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Making India Easy!



Traveling in foreign countries is always an adventure, and each new country carries it's own set of difficulties. Both socially and practically, India has it's own very specific foibles, and we are here to help you navigate through your trip preparation all the way to your final flight home with the greatest of ease and comfort. The following information should cover all of the basics, but if you have further questions, feel free to contact Indian Rose Tours at any time.







• Before You Leave:

Make sure you receive all the required vaccinations. Ask the doctor which vaccinations are needed. They should definitely include tetanus, Hepatitis A and B, Polio and Typhoid. Get those vaccinations at least 3 weeks prior to departure as some need 2 weeks to become effective. Malaria pills are not required anymore, but it's best to check with your doctor anyhow. Good places to check online are: or /

Get travel insurance.

Get a visa! In some countries you can still do this directly through the Indian Consulate, but in most Western countries you need to contact a visa company that offers express and personal services to get your visa for you, mostly reasonably priced. It can take up to 2 weeks to get your visa and it is valid from the day of issue. India changes its visa rules regularly so make sure you get up to date information about a month prior to your arrival in India. For any questions or assistance please contact Micha. He will try to help you in any way possible.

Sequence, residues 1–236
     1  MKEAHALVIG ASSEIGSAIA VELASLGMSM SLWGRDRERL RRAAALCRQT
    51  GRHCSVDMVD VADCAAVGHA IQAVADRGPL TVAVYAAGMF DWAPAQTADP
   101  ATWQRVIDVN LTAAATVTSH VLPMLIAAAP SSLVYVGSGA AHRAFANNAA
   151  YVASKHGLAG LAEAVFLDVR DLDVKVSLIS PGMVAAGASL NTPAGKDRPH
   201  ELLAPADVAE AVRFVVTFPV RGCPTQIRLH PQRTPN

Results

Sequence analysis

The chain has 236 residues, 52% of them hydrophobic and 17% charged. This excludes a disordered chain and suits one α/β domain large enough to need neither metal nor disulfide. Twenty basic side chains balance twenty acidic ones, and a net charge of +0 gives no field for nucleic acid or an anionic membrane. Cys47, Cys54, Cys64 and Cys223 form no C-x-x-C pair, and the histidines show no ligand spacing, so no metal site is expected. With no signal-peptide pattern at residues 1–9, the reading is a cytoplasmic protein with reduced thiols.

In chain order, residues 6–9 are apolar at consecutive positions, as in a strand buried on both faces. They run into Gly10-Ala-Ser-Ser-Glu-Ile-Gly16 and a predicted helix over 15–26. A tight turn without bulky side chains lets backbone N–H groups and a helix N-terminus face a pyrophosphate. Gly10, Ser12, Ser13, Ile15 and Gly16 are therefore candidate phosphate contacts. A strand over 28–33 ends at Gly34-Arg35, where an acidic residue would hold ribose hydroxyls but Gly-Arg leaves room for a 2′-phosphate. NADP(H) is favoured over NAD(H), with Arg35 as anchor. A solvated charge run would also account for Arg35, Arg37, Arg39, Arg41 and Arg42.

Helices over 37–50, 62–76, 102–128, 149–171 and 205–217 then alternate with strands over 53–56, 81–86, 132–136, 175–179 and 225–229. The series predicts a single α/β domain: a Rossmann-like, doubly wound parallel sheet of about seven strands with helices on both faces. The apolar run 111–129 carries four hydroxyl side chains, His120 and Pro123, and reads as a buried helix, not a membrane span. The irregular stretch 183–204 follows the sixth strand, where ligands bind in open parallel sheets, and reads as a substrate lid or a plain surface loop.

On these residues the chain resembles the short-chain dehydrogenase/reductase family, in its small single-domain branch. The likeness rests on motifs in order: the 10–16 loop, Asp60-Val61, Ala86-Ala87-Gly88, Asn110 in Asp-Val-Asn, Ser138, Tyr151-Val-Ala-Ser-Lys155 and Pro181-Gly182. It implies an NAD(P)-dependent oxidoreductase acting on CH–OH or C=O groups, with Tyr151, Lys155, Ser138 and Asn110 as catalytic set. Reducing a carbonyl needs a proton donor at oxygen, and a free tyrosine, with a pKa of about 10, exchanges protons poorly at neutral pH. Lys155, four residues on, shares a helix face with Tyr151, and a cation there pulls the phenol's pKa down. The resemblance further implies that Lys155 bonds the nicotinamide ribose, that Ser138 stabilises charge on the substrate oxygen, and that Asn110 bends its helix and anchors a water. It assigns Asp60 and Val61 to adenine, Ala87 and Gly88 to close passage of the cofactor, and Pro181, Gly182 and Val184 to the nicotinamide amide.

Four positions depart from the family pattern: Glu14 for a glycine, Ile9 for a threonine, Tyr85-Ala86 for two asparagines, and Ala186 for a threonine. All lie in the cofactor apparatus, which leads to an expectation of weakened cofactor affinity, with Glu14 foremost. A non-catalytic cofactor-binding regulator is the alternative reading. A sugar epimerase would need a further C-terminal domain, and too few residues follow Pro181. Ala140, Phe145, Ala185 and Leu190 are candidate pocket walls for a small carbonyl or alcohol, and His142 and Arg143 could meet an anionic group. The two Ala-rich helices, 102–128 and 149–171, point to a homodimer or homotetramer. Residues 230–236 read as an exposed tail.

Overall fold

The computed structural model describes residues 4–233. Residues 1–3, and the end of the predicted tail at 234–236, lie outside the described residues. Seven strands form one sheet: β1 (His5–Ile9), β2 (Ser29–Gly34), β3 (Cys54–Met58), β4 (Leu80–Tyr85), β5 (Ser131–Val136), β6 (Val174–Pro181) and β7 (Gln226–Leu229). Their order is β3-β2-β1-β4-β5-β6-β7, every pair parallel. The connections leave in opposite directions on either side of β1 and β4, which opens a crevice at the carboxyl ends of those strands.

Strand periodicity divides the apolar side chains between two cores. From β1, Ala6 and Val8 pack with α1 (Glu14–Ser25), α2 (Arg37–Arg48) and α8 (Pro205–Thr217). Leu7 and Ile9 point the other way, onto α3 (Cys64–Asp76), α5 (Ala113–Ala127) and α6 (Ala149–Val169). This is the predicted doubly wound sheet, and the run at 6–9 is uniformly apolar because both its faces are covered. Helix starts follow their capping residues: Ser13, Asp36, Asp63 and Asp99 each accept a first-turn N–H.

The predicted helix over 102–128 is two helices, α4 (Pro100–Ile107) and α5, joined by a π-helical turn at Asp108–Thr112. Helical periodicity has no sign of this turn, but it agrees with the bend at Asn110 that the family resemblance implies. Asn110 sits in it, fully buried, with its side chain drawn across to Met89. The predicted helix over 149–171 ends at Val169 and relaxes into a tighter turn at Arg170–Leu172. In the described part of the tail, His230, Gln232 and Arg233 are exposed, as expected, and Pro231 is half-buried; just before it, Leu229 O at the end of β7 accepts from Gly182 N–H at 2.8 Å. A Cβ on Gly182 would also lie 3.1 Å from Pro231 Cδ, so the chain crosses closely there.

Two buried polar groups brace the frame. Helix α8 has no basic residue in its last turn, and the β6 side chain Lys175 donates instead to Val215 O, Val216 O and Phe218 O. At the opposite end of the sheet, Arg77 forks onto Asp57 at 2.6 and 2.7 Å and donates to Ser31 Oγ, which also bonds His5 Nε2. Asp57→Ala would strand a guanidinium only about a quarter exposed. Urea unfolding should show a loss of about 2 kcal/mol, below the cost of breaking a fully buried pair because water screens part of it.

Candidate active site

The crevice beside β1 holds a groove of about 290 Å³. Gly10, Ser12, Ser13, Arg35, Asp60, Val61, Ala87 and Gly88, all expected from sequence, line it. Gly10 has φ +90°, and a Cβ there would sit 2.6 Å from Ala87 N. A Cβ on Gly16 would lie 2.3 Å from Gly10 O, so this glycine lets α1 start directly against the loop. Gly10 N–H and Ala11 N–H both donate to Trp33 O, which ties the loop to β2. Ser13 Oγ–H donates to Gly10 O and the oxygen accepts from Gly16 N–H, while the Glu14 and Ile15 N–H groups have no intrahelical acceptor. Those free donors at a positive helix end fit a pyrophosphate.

Travel as lightly as possible, but don't leave without:

A torch

Sunscreen lotion

Nonrevealing clothes, swimming gear and flip-flops or sandals

A good guide book to read on bus journeys. Recommended are the Lonely Planet (South) India and the Rough Guide

A small first aid kit with only the essentials

Tampons - hard to get good ones in most places


Mosquito repellent (though very good repellent is available in India: Odomos)

An easily concealable money belt

An easy to use and carry backpack or a suitcase with wheels

An open mind

Leave at home:

Everything that you think you might or might not need, like mountaineering shoes or winter clothes

Your Western preconceptions.









India's climate can basically be divided in three seasons:

The Hot:

In March it starts to heat up and it gets seriously hot in April and May. May is probably the worst time to be in South India, climate-wise.

The Wet: